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Keeping backyard chickens is generally quite an inexpensive hobby (it can even be profitable if they lay enough eggs). In fact your chicken coop is likely to be your biggest expense, so you definitely want to get it right!
I’ve listed out the top 12 things your hen house needs to make it nice and easy for when you are deciding which chicken house to buy (or make if you like a bit of DIY).
Honestly if you want healthy and happy chickens the following 12 things are non-negotiable, so let’s get to it so you can find the dream house for your backyard hens!
The 12 Things Your Chicken Coop Must Have:
1) Enough Space
The first thing your chicken coop needs is enough space.
Now legally in most countries chickens can be kept in a very small space (think intensive chicken farming where they can barely move). But we want our chickens to have a happy life, which means giving them enough space to display their natural instincts such as scratching, dusting bathing and generally moving around!
Your actual chicken coop (which is where the chickens sleep at night and lay their eggs) doesn’t need to be that big, but at an absolute minimum each bird must have 1-3 square feet each.
But rather than using a arbitrary number you are much better looking at whether all the chickens have enough room to sit on their roosting bars, and whether there is enough nest boxes. (We will talk more about roosting bars and nest boxes later).
Both of these aspects depend on the breed of course, so the larger your breed the more space they take up on the roosting bars, but ten inches each is a good amount. And the more eggs your hens lay, realistically the more nest box space you need. I like around one nest box to 3 – 4 hens.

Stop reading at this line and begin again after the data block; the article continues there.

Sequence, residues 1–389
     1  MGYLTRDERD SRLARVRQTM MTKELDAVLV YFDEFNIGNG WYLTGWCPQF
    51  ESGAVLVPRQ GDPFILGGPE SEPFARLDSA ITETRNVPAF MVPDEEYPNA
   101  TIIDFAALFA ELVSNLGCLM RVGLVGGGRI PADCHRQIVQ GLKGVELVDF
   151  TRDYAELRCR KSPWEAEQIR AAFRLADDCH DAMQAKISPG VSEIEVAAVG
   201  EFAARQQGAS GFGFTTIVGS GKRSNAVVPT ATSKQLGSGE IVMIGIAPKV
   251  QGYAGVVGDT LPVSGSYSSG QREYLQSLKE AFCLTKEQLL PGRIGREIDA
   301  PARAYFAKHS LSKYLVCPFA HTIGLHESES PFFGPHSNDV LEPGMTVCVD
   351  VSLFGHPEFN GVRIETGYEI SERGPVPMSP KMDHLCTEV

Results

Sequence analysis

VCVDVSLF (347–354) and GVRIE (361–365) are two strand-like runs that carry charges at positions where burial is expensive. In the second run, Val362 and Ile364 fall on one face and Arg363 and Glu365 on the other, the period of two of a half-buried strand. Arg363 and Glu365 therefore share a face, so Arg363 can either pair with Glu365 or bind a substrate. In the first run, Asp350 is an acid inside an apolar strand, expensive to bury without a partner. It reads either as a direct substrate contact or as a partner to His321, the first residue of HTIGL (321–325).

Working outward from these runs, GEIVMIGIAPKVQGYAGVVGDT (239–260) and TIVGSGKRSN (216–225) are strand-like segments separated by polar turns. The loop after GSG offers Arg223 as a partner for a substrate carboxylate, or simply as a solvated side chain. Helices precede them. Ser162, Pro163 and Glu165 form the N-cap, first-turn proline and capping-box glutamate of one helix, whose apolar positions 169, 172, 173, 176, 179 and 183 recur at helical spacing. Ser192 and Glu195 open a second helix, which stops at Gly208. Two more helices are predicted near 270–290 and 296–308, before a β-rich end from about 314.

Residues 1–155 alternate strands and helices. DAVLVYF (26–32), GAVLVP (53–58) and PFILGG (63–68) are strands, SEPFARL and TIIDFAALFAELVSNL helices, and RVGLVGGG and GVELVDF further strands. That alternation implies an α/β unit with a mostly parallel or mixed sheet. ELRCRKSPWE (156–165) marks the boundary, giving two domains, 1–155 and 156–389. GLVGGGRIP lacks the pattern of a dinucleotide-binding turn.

Now the outside space is a bit simpler, while inside bigger isn’t necessarily better because they like to snuggle up at night, during the day they will appreciate (and use) all the space you give them. I would recommend around 20 square feet per bird minimum (that’s about 2 square meters each). But the more outdoor space you give them the happier they will be.
2) Portable or Permanent
Okay this is less something your chicken coop needs, but more a decision you have to make.
Will your hen house be moveable or will it always stay in the same spot?
Fair warning, chickens will destroy any ground you put them on. The only way to stop them completely desiccating an area of grass is to literally move them every single day.
Hence chicken tractors were born. A chicken tractor is a chicken coop and run that is moved onto a fresh piece of ground each day. Great if you have a massive lawn. But if your backyard is pretty small then you probably wouldn’t be able to move a portable chicken coop and run enough before the chickens ended up on a piece of ground they had been on, and that hadn’t had time to recover.
When I first started keeping chickens I thought a moveable chicken coop and run was very important so I could give them fresh grass. But the thing is chickens don’t really care about grass. They want to scratch and dust bath, and when let loose in a garden they actually gravitate towards the flower beds where the earth is softer.
So personally I wouldn’t bother with moving a chicken coop and run every day (it’s a lot of work) but instead allot them a permanent spot in your garden where they can destroy the ground to their hearts content.
3) The coop and run must be predator proof
In the UK the main predators are foxes; in America you have a few more predators to deal with including foxes, coyotes, possums, mink, snakes, skunks, large birds, raccoons and fisher cats.
Luckily the same precautions should protect your hens from all types of predators, although, obviously if you know you have an issue with a particular predator in your area, do some additional research to check your coop is secure against that one.
- There must be no holes or gaps in the coop once the external door is closed (pop hole) except for ventilation, which should have some sort of mesh or guard over it to stop predators. (Do not use chicken wire as the wire is very thin and easily chewed through, use weld mesh instead if you want to keep your chickens safe!)
- All openings must have strong locks on them so nimble predators such as raccoons cannot open them.
- Ensure the coop is made well so a larger predator couldn’t chew into it.